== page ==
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45+ Works 4,105 Members 140 Reviews 3 Favorited

About the Author

Image credit: Roberto Saviano en 2019

Series

Works by Roberto Saviano

ZeroZeroZero (2013) 395 copies
The Piranhas: The Boy Bosses of Naples (2016) — Author — 197 copies
Vieni via con me (2011) 122 copies
Bacio feroce (2017) 63 copies
Il contrario della morte (2007) 55 copies
The Ring & The Opposite of Death (2007) — Author — 40 copies
Sono ancora vivo (2021) — Author — 24 copies
Outsiders (2010) — Author; Author — 19 copies
Gridalo (2020) 18 copies
Super Santos (2010) 17 copies
In mare non esistono Taxi (2019) 9 copies
Falcone: Roman (2024) 4 copies
A occhi aperti (2008) — Author — 4 copies
Petó ferotge 2 copies
EJA ME MUA 1 copy
2007 1 copy
Opak smrti (2010) 1 copy

Associated Works

Narcoland: The Mexican Drug Lords and their Godfathers (2011) — Preface, some editions — 127 copies
Alabardas (2014) — Contributor, some editions — 94 copies
Slavery Inc: The Untold Story of International Sex Trafficking (2010) — Foreword, some editions — 93 copies
Libyan Twilight: The Story of an Arab Jew (2015) — Preface, some editions — 7 copies
Qui ho conosciuto purgatorio, inferno e paradiso (2010) — Preface — 3 copies

Tagged

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Common Knowledge

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Reviews

"In the land of the Camorra, knowing the clans' mechanisms for success, their modes of extraction, their investments, means understanding how everything works today everywhere, not merely here."

With this "J'accuse" Roberto Saviano closes out his encyclopaedia of mob violence, control and conquest of the small crime territory around Naples.

Except he isn't just talking about Naples.

He is talking about the web of criminal syndicates from China to South America. They start with their gains from drugs, extortion, and prostitution and swiftly move into "legitimate" industries of fashion, construction, retail, and other manifestations of money laundering.

They move massive amounts of arms and fabrics, cement, and even toxic waste around Europe and the world.

The trail of corruption extends far beyond even the Camorra, the Neapolitan Mafia.

I've come from reading about the Bad-ass librarians of Timbuktu who struggled to save 377,000 precious medieval books and manuscripts from Al-Qaeda bad men. Terrorists in name, hoodlums bent on kidnapping, drug running, and smuggling to finance their causes.

And the dismantling of government oversight in Louisiana where chemical processors dump tons of toxic waste into the bayou, in Arlie Russell Hochschild's "Strangers in Their Own Land: Anger and Mourning on the American Right."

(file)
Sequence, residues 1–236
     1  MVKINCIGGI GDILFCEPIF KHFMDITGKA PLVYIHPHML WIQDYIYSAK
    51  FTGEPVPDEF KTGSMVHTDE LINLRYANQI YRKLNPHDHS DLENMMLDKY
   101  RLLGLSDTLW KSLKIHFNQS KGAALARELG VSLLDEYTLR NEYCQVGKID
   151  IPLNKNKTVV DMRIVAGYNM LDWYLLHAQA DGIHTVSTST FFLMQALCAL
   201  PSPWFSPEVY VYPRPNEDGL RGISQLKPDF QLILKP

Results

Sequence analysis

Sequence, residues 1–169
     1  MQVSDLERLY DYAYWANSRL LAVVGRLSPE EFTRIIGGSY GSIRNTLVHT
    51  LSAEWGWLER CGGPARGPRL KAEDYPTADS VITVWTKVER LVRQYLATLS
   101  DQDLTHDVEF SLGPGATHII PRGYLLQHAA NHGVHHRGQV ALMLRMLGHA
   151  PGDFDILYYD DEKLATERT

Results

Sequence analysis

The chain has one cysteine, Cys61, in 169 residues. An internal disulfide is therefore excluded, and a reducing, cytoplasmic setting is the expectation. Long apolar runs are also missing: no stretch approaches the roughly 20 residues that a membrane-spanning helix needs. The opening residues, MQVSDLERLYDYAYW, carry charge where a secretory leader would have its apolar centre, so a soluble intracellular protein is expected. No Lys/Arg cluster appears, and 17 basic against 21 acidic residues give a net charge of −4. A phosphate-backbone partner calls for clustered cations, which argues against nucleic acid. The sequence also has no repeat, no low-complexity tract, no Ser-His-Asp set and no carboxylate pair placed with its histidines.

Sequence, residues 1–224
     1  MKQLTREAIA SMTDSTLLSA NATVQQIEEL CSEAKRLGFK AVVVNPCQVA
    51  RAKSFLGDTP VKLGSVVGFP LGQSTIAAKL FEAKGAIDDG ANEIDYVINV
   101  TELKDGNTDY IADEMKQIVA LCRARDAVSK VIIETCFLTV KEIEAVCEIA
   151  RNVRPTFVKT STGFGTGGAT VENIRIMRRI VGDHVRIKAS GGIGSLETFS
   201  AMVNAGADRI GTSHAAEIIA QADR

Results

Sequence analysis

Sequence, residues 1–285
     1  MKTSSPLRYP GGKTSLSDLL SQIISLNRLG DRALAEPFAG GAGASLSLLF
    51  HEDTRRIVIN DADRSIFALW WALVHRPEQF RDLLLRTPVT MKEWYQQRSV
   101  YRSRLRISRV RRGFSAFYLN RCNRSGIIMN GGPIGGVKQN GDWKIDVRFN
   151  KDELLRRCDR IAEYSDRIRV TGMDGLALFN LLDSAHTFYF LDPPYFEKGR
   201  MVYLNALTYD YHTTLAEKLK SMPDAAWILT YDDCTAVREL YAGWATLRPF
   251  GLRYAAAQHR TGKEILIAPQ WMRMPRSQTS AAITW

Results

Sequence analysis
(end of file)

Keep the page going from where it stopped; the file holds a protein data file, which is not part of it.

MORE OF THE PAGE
Svetlana Alexievich tracks much of the same criminal mentality in "Secondhnad Time: The Last of the Soviets" except in this great book it is Russia and some of the former Soviet republics. And Bill Browder traces the same sense of entitlement Putin's bureaucrats show in stealing massive amounts from the public purse in "Red Notice: A True Story of High Finance, Murder, and One Man's Fight for Justice." Then from Russian pockets millions, if not billions get laundered into New York, London, and Hong Kong real estate.

Saviano's book starts with the cancerous effects of organized crime in the fibre of society. In Naples, where many of the poor don't know where to start, the Camorra give them their start: pinching goods from warehouses, working in construction gangs, moving sewage.

Then it gives them one step up on the rest.

Young people gain their confidence and learn that might makes right from the bottom to the top of society.

As cash washes through the system it makes governing Southern Italy virtually impossible. So too does it make international trade difficult to police where Chinese goods are getting smuggled into knock-off factories ipoutside of Naples and Rome. Where tons of Europe's waste get re-purposes into fertilizer, and landfill sites become new housing developments.

This in a landscape of massive migration from war zones and famine in Africa to Europe and beyond.

Take the lid off the Soviet empire and you get worse than a pail of worms. You get an absolutely rotten society set on a pace to destroy the land and set civilization on its head. Or perhaps I should have said that the end of the Soviet Empire let us refocus on what really was going on in the world.
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MylesKesten | 92 other reviews | Jan 23, 2024 |